But can the same be said of citizens of a country? To what extent are nationals of Nation States products of their specific cultural environment and experiences? History and Religion provide quite a definitive answer here. Early Christendom under the Papal States, Germany under the National Socialists, and Japan under the Militarists produced a citizenry who showed deference if not a blind obedience to the State. Contemporary China and Vietnam under the Communists, 21st century Iran ruled by a hardline Islamic Theocracy, the Nanny State of Singapore and most Western Nations including the United States of America produce for the most part a fairly compliant and subservient citizenry. Those who rebel or are insubordinate or act in defiance of the State are sought out and punished.

It is only within this social, cultural and political context that one can begin to make any sense of the killings emerging out of the State sanctioned and supported gun ownership laws in the United States of America. The Second Amendment to the Constitution of the United States of America states “A well regulated Militia being necessary to the security of a free State, the right of the people to keep and bear Arms shall not be infringed”. This amendment, part of the Bill of Rights was adopted in 1791, 8 years after the American War of Independence and seventy years before the American Civil War. The use of guns in this context was predicated on a belief that one will be safer with a gun rather than without one. Moreover, it was fabricated through deplorable propaganda which suggested that gun ownership fostered and encouraged personal and societal virtue. Thomas Jefferson advised his nephew thus:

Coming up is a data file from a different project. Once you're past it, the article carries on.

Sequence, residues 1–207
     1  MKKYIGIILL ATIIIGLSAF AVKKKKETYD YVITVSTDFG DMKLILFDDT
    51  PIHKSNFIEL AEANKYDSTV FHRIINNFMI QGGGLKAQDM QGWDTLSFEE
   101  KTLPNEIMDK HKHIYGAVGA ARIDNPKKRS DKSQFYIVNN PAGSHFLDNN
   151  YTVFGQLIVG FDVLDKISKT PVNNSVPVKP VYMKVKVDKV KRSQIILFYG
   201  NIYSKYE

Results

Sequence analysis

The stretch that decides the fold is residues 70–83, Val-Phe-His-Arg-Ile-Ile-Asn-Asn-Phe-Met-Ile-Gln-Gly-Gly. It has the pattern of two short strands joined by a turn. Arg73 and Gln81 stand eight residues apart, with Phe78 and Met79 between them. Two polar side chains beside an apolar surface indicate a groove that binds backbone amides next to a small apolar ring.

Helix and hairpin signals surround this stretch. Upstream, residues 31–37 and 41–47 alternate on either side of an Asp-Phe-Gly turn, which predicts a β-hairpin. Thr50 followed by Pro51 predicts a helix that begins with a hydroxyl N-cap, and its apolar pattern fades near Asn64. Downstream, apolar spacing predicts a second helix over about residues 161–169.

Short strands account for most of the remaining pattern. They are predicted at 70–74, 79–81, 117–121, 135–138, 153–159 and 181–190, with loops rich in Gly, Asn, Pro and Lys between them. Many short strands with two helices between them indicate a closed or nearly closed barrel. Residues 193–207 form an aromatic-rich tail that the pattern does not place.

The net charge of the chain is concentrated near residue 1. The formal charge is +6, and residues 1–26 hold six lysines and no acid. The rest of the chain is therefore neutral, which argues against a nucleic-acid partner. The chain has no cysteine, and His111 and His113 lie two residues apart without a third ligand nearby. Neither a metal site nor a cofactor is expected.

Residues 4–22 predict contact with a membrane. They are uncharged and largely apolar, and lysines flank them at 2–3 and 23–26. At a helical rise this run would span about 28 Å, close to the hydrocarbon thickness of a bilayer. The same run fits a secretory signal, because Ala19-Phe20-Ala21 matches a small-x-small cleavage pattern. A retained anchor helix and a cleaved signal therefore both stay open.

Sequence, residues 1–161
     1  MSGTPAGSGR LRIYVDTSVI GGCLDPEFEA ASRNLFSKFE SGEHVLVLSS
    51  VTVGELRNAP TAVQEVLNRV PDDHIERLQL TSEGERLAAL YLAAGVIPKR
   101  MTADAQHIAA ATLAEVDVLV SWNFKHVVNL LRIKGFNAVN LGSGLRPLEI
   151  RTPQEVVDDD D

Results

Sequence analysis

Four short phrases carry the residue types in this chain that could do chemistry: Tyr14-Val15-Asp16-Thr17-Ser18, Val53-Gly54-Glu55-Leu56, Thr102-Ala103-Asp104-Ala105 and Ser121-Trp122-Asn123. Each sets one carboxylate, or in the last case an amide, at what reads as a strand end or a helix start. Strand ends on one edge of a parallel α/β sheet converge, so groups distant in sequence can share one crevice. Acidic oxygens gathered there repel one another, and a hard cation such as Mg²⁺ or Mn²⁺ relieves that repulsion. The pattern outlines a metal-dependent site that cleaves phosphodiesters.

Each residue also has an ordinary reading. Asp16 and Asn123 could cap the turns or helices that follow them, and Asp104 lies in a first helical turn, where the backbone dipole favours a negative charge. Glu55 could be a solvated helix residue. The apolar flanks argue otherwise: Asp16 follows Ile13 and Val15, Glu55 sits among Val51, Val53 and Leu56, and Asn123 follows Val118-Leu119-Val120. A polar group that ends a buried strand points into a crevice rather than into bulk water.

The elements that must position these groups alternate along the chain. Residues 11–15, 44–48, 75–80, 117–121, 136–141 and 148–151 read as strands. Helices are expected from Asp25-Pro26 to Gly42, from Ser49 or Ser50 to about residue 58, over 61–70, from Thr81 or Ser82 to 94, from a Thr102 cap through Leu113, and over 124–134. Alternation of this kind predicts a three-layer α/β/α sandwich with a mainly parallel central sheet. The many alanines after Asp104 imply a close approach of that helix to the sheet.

“as to the species of exercise, I advise the gun. While this gives moderate exercise to the body, it gives boldness, enterprise and independence to the mind. Games played with the ball, and others of that nature, are too violent for the body, and stamp no character on the mind. Let your gun, therefore, be the constant companion of your walks.” (Foley, 1967)

It seems to me, and a great number of people throughout the world, and even perhaps in the USA that arms bearing combined with civic virtue is an erroneous and very precarious argument upon which to build a case for private gun ownership in the 21st century. More recently, the unabated carnage of adults and children going around shooting and killing supports such an opinion. The cold-blooded murder of Australian Chris Lane, by three bored teenagers as he jogged peacefully along a street in Duncan, Oklahoma, and the savage unprovoked murder of an 87 year old woman by her 8 year old grandson in Louisiana, after he’d played the violent, anti-social video game Grand Theft Auto represent a decline in the respect for life and the rise of an increasingly lawless and anarchic society held together through The Second Amendment.